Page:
July, 2005

High performing rope takes weight off

Technical textiles are not new -- think Kevlar, Mylar, Gore-Tex, Teflon and Velcro.  But where this rope differs is not how it is made, but what it can do, which is its ability to sense its own load and signal any weakness, sending the information to a handheld device well before it frays and gives way.  Full Story_ CNN 7/29/05

Japan to build world's fastest supercomputer

Teraflops to Petaflops

Japan has plans to start building a supercomputer next year that can operate 73 times faster than the world's fastest supercomputer, the government said.  The American Blue Gene/L system supercomputer developed by International Business Machine Corp. at Lawrence Livermore National Laboratory in Livermore, California, currently holds the title of the world's fastest. That machine is capable of 136.8 teraflops, or 136.8 trillion calculations per second, according to Japan's Ministry of Education, Culture, Sports, Science and Technology.  Japan wants to develop a supercomputer that can operate at 10 petaflops, or 10 quadrillion calculations per second, which is 73 times faster than the Blue Gene, an official of the ministry said on condition of anonymity.  Kyodo News reported that the total amount for the project is estimated between 80 billion and 100 billion yen (U.S. $714 million to 893 million; euro593 million to 741 million) and the ministry will request 10 billion yen (U.S. $89 million; euro74 million) for the next fiscal year's budget.

Full Story_   CNN 7/25/05

Professors make password protection product

The increase in identity theft has prompted two Stanford University professors to develop software that protects computer passwords from Internet thieves.  John Mitchell and Dan Boneh will unveil Pwdhash, software that scrambles passwords typed into Web sites, then creates a unique sign-on for each site visited, at the Usenix Security Symposium in Baltimore next week.  It's the latest attempt to thwart attempts by cyber-criminals who steal passwords by creating phony online banking or e-commerce sites. Cyber criminals dupe victims into believing the site is legitimate and lure them into typing their passwords. The crooks then use the password to loot the victim's bank account. For e-commerce shoppers, many of whom have stored credit card information at their favorite online stores, the thieves may use their information to go on a shopping spree.  Full Story _AP 7/25/05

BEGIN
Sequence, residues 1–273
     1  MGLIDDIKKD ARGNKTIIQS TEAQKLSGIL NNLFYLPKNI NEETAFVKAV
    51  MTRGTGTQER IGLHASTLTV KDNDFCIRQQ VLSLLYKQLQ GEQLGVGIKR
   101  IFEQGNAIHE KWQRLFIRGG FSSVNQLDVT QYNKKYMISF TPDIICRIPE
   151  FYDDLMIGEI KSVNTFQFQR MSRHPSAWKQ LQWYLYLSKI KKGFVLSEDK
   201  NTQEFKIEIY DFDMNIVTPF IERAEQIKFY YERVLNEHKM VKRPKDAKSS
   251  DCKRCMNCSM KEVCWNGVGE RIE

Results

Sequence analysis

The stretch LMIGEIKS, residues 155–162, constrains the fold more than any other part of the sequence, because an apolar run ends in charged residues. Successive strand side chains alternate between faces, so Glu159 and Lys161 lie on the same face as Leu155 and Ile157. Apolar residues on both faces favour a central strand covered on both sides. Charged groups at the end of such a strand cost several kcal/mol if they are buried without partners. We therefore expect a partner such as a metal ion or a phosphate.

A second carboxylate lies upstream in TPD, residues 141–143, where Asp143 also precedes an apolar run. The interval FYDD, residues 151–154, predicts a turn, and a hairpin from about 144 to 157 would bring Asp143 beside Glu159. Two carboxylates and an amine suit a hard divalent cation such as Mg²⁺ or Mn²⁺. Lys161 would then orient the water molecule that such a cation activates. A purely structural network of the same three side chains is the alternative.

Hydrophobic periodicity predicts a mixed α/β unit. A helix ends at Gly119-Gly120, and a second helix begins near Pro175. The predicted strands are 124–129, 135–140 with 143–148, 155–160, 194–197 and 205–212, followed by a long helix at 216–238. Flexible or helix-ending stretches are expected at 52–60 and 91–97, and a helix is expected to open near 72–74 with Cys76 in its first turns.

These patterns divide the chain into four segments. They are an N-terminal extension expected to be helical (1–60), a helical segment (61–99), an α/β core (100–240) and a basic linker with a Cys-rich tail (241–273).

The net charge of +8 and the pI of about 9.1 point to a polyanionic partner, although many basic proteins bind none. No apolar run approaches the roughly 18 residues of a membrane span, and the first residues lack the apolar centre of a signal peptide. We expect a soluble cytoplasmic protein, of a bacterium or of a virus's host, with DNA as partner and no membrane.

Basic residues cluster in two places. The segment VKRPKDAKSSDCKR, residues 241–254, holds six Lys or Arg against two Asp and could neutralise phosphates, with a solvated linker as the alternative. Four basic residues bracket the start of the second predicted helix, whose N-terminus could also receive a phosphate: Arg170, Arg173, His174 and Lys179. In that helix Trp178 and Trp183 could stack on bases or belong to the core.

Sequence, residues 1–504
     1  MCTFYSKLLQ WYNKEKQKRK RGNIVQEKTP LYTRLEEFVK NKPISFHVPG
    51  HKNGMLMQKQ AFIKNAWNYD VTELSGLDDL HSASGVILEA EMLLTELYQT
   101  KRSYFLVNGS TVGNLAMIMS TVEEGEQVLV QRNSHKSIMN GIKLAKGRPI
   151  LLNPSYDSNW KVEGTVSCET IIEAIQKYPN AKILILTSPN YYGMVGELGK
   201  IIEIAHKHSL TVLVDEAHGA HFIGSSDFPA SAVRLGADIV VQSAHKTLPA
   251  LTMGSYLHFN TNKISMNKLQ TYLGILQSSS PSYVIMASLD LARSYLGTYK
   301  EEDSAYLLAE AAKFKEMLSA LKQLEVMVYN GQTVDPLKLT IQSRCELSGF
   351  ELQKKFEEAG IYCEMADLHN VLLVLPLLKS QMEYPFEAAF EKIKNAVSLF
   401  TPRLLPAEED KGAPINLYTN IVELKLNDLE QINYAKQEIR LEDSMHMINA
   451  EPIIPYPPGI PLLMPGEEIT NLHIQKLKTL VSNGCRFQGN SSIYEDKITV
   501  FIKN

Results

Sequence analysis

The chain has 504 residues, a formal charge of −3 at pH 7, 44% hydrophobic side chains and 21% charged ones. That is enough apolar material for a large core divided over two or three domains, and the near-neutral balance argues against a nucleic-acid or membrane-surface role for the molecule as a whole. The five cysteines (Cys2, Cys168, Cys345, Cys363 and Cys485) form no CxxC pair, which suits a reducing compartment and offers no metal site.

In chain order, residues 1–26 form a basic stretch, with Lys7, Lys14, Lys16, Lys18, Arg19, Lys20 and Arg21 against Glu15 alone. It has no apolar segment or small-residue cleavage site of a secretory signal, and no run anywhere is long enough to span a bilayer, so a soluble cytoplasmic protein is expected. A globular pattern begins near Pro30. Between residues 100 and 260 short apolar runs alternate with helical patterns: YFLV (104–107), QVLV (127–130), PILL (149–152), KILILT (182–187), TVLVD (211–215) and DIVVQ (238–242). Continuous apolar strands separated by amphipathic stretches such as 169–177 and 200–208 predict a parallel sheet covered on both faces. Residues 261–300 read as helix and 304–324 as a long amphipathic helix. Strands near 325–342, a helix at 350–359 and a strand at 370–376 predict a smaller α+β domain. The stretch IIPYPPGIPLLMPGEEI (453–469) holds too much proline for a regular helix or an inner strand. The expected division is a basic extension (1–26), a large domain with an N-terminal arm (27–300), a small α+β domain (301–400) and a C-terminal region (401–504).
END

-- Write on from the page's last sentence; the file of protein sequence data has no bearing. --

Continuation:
New weapon in fight against smog

From catalytic converters to alternative fuels, the fight against big-city smog has for years been fought inside combustion engines and exhaust pipes.  Now, scientists are taking the fight to the streets by developing "smart" building materials designed to clean the air with a little help from the elements.  Using technology already available for self-cleaning windows and bathroom tiles, scientists hope to paint up cities with materials that dissolve and wash away pollutants when exposed to sun and rain.  "Among other things, we want to constructconcrete walls that break down vehicle exhausts in road tunnels," said Karin Pettersson, a spokeswoman for Swedish construction giant Skanska. "It is also possible to make pavings that clean the air in cities."  Full Story_CNN7/22/05

Europe moving in 'R&D slow lane'
The stagnating state of science and technology investment in the European Union is laid bare by new statistics.

The figures show the bloc devoted just 1.93% of its wealth (GDP) in 2003 to this important area - compared with 2.59% in the US and 3.15% in Japan.  Some emerging Asian countries, such as China, are now increasing their R&D investment to a rate where they will soon catch and overtake Europe.  Full Story_BBC 7/20/05

Investors see green in clean tech
So-called clean technologies, which cover everything from renewable energy to water purification systems, are garnering more interest from investors and entrepreneurs previously tied to the information technology industry.  Venture investments in clean technologies are still a fraction of overall investments in technology. Still, some entrepreneurs are making the jump, motivated primarily by potential profits in an emerging field, as well as the beneficial effect on the environment.  Full Story_ CNET News7/20/05

Broadcasters agree to go to all-digital TV

Hastening the long-delayed switch to digital television, broadcasters on agreed to stop transmitting analog signals in 2009, potentially rendering millions of rabbit-eared sets obsolete. The about-face by broadcasters — who had long resisted a federal mandate to switch completely to digital — clears the way for a change in television no less significant than the transition to color more than 40 years ago, advocates said.  Full Story  Los Angeles Times_ 7/13/05 (logon required)

 

   
Google
WWW http://www.usdatanow.com
 



| About USDataNow | Comments & Suggestions | Linking to USDataNow | Submit Your News |
| Associations | Books | Education | Engineering Tools | Events | Federal Agencies | International | Reference & Resources |